Toronto | Astronomers have for the first time detected repeating short bursts of mysterious and powerful radio waves from an enigmatic source that is likely located well beyond the edge of our Milky Way galaxy.
The findings indicate that these fast radio bursts come from an extremely powerful object which occasionally produces multiple bursts in under a minute, researchers said. All previously detected fast radio bursts (FRBs) have appeared to be one-off events, they said. Because of that, most theories about the origin of these mysterious pulses have involved cataclysmic incidents that destroy their source a star exploding in a supernova, for example, or a neutron star collapsing into a black hole.
The new finding, however, shows that at least some FRBs have other origins. FRBs, which last just a few thousandths of a second, have puzzled scientists since they were first reported nearly a decade ago. Despite extensive follow-up efforts, astronomers until now have searched in vain for repeat bursts. Lat year, McGill University PhD student Paul Scholz was sifting through results from observations performed with the Arecibo radio telescope in Puerto Rico – the world’s largest radio telescope.
The new data run through a supercomputer showed several bursts with properties consistent with those of an FRB detected in 2012. The repeat signals were surprising and very exciting, Scholz said. I knew immediately that the discovery would be extremely important in the study of FRBs, said Scholz. Scholz pored over the remaining output from specialised software used to search for pulsars and radio bursts. He found that there were a total of 10 new bursts.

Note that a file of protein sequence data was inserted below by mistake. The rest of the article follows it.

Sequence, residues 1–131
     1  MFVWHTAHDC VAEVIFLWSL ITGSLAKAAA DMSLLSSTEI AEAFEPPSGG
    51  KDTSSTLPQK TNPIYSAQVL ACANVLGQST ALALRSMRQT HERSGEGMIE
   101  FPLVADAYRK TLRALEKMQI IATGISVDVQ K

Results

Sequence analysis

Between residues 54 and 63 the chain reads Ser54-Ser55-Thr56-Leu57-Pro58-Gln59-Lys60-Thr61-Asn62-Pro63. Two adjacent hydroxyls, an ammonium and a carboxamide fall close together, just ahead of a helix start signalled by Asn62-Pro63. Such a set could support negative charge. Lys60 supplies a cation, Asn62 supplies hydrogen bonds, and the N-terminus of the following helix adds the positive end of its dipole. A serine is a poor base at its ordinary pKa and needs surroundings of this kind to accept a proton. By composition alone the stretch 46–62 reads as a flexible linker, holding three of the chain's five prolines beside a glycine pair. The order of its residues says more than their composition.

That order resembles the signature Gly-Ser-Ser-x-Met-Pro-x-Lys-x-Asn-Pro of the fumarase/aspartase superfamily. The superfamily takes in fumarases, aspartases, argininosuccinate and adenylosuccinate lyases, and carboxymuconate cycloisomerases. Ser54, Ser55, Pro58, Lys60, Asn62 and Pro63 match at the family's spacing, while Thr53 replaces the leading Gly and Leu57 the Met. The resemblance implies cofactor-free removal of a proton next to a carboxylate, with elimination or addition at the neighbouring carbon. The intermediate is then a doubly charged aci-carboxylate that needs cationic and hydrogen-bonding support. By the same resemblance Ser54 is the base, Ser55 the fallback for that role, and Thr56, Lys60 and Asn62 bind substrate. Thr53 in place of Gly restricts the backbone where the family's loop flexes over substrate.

The finding suggests that these bursts must have come from a very exotic object, such as a rotating neutron star having unprecedented power that enables the emission of extremely bright pulses, the researchers said. It is also possible that the finding represents the first discovery of a sub-class of the cosmic fast-radio-burst population. Not only did these bursts repeat, but their brightness and spectra also differ from those of other FRBs, said Laura Spitler, postdoctoral researcher at the Max Planck Institute for Radio Astronomy in Germany.
Scientists believe that these and other radio bursts originate from distant galaxies, based on the measurement of an effect known as plasma dispersion. Pulses that travel through the cosmos are distinguished from man-made interference by the influence of interstellar electrons, which cause radio waves to travel more slowly at lower radio frequencies. The 10 newly discovered bursts, like the one detected in 2012, have three times the maximum dispersion measure that would be expected from a source within the Milky Way.